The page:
Three murders, beatings, terrorist acts were committed upon African Americans by the Whitecaps in Lincoln County, MS. Over a thousand people were near or on the Lincoln County courthouse grounds when Judge James Wilkinson announced the sentences of the men convicted of murder in the Whitecaps cases. As each man was sentenced, the crowd shuddered. Oscar Franklin plead guilty to the murder of Eli Hilson, and was sentenced to life in prison in December 1904, about a year after the murder.

Eli's wife Hannah struggle to raise their ten children and maintain the farm. She lost the property through a mortgage foreclosure in 1905. The 74 acres were sold to S. P. Oliver for $439. Oliver was a county supervisor.

The Evening News, San Jose, California, December 21, 1904
Research Notes of Carolyn Betts, a Collateral Descendant of Eli Hilson
Photograph Courtesy of Lincoln County Public Library

Amanuensis Monday - Eli Hilson Assassinated by Whitecaps
Whitecapping - Losing the Land

Monday, July 1, 2013

Amanuensis Monday
Eli Hilson Assassinated by Whitecaps

The Leader Newspaper
Brookhaven, MS
Dec 23, 1903

Eli Hilson, a negro living about eight miles from Brookhaven was assassinated within about a quarter of a mile of his home Saturday evening, while on his way home from town alone in his buggy. The bullet which killed him entered the side of his head near the ear and came out at the mouth. Death seems to have been instantaneous. The horse went on home, and his owner was found dead in the buggy on his arrival.

Coroner Geo. Lambright, Jr., visited the scene of the murder Monday, impaneled a jury and held an inquest, the verdict being that the deceased came to his death by a gunshot wound at the hands of parties unknown.

Last Winter Hilson, who lived on a farm of his own and was prosperous, was warned by the whitecaps to leave, which warning he disregarded. About three or four weeks ago his home was visited in the night by whitecaps and several volleys fired into it. His wife was sick in bed at the time, with an infant only a few hours old. He still disregarded the warning, and remained on his place. Saturday, he brought a young daughter to town in his buggy to spend Christmas holidays with his brother G. N. W. Hilson, of this city, and as he was returning home between sunset and dark was assassinated. Hilson is the second negro murdered by whitecaps in that portion of Lincoln county within the last month.

From all The Leader can gather of the facts and circumstances, it is a disgraceful state of affairs and calls loudly for determined action and corrective measures by law abiding citizens and all law officers of the county. An old farmer who lives several miles below where this murder occurred stated while in The Leader office Monday, that about all the negroes had been frightened out of his neighborhood, and that all white farmers who had more lands than they could work themselves were left without labor and that these lands will have to lie out, uncultivated.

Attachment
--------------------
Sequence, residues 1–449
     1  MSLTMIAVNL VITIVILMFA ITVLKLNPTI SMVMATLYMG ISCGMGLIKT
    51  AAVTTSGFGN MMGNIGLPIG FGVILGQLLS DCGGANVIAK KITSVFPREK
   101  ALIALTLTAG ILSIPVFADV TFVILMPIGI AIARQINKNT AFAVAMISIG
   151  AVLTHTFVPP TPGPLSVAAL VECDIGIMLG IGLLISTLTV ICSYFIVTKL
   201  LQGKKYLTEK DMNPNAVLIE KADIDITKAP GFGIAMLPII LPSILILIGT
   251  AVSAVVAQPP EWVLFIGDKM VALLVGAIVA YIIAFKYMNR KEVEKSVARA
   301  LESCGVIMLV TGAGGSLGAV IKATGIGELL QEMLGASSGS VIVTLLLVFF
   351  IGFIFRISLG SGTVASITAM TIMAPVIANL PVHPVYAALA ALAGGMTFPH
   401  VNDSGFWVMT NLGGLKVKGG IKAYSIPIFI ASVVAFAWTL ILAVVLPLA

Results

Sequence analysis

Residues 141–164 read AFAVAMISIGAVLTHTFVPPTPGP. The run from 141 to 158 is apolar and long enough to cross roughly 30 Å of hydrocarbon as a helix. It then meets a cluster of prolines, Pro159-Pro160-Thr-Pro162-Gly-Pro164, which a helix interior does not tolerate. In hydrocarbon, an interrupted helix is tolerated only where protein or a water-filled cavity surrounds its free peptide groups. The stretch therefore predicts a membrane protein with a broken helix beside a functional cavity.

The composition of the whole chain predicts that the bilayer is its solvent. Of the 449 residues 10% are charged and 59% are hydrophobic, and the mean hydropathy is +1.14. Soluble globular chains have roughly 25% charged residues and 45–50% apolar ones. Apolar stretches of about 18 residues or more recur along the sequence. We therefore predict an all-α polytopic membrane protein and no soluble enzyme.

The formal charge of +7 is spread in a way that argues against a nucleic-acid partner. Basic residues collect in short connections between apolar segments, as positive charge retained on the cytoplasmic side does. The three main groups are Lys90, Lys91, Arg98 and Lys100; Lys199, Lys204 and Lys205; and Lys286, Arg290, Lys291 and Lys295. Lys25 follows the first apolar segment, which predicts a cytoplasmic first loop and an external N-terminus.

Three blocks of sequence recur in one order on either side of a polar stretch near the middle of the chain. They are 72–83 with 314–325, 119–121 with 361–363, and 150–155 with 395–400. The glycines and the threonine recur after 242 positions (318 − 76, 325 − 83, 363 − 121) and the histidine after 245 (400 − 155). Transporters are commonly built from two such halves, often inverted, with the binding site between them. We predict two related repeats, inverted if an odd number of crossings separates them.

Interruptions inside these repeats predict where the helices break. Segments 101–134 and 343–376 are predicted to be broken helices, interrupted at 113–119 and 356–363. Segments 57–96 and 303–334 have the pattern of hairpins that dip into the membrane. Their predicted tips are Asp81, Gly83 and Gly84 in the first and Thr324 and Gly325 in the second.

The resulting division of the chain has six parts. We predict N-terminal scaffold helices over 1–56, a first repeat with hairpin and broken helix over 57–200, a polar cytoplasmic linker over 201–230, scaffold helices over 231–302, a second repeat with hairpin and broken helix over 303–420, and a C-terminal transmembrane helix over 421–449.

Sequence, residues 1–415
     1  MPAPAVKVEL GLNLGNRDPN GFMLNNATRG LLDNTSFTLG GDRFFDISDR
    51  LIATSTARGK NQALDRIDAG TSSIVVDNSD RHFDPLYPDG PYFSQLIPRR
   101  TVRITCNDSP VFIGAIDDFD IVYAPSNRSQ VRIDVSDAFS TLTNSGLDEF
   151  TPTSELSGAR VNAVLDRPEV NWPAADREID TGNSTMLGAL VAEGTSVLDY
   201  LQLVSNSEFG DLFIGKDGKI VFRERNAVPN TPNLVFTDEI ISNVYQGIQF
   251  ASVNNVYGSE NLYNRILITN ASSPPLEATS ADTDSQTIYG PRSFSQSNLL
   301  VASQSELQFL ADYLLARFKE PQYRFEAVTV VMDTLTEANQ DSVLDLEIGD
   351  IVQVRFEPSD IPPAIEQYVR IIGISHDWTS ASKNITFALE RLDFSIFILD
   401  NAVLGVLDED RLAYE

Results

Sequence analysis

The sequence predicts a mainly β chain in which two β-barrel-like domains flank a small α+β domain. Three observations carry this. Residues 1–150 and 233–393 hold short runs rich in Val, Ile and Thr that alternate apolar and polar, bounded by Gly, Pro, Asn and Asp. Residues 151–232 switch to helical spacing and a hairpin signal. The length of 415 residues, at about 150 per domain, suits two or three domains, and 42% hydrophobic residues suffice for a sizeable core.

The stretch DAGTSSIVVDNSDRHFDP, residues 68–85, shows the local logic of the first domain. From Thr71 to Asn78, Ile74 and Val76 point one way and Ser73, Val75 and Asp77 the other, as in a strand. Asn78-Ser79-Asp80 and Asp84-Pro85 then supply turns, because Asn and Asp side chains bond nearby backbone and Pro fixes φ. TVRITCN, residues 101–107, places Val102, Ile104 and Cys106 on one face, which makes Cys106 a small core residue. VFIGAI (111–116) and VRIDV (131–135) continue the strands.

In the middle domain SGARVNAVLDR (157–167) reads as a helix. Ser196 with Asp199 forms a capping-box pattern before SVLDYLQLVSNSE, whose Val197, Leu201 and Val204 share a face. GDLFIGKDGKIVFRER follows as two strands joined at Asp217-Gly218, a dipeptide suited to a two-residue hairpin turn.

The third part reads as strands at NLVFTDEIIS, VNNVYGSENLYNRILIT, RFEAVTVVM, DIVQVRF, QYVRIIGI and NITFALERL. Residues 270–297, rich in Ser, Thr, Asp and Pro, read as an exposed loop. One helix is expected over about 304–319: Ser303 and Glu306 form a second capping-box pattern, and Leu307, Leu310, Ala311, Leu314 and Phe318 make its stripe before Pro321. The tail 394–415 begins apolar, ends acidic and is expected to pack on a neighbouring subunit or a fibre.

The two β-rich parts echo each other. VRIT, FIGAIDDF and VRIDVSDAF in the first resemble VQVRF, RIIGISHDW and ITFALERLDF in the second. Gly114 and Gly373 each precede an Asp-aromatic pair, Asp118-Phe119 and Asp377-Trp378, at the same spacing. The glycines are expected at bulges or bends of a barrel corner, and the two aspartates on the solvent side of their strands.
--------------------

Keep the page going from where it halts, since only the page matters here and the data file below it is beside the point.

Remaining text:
The Leader is informed that it is the intentions of the British and American Mortgage Company which has been an extensive loaner of money on farm lands in this county, to stop all further loans and instruct its agents and trustees to foreclose all mortgages that are not promptly satisfied before the situation grows worse and the lands become less valuable.

Our local banks share this same feeling of distrust and uneasiness and will either be forced to refuse loans in localities where this disturbance of negro labor prevails, or else demand greater security and a higher rate of interest on such loans as are advanced.

The situation is indeed a serious one to the farmers and the financial interests of the entire county, to say nothing of considerations of humanity and our boasted Christian civilization; and these dastardly whitecaps outrages ought to be suppressed and those who commit them hunted down and brought to justice.

Eli Hilson, Jr., was born about 1863 in Mississippi to Eli and Elizabeth Weathersby Hilson, died 19 Dec 1903 in Brookhaven, MS. He married Hannah. The couple's children were: Abe, Luna, Luella, Julia, Willie, Harvey, Lewis, Arbella, Letha, Manerva, and baby. After Eli's death, his widow lost the land.

Eli's grandson, Stanhope Harris, married my mother's cousin Luella Markham.

Photograph Courtesy of Library of Congress

Whitecapping - Losing the Land
Were there convictions in Eli Hilson Case?